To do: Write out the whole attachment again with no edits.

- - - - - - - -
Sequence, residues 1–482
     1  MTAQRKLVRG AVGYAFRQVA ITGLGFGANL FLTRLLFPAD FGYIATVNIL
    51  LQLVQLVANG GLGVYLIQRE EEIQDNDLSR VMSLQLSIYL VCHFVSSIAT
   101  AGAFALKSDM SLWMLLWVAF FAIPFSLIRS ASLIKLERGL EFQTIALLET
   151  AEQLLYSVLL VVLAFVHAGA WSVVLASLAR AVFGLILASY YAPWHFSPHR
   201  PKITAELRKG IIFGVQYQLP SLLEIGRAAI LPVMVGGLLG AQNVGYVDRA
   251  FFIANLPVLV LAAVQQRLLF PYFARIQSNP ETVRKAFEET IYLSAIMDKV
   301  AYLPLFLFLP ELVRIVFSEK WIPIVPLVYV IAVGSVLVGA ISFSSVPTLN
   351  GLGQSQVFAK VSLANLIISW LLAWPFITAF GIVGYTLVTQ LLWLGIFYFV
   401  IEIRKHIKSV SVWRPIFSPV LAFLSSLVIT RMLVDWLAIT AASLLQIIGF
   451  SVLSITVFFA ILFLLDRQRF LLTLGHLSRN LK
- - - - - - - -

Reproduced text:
Sequence, residues 1–482
     1  MTAQRKLVRG AVGYAFRQVA ITGLGFGANL FLTRLLFPAD FGYIATVNIL
    51  LQLVQLVANG GLGVYLIQRE EEIQDNDLSR VMSLQLSIYL VCHFVSSIAT
   101  AGAFALKSDM SLWMLLWVAF FAIPFSLIRS ASLIKLERGL EFQTIALLET
   151  AEQLLYSVLL VVLAFVHAGA WSVVLASLAR AVFGLILASY YAPWHFSPHR
   201  PKITAELRKG IIFGVQYQLP SLLEIGRAAI LPVMVGGLLG AQNVGYVDRA
   251  FFIANLPVLV LAAVQQRLLF PYFARIQSNP ETVRKAFEET IYLSAIMDKV
   301  AYLPLFLFLP ELVRIVFSEK WIPIVPLVYV IAVGSVLVGA ISFSSVPTLN
   351  GLGQSQVFAK VSLANLIISW LLAWPFITAF GIVGYTLVTQ LLWLGIFYFV
   401  IEIRKHIKSV SVWRPIFSPV LAFLSSLVIT RMLVDWLAIT AASLLQIIGF
   451  SVLSITVFFA ILFLLDRQRF LLTLGHLSRN LK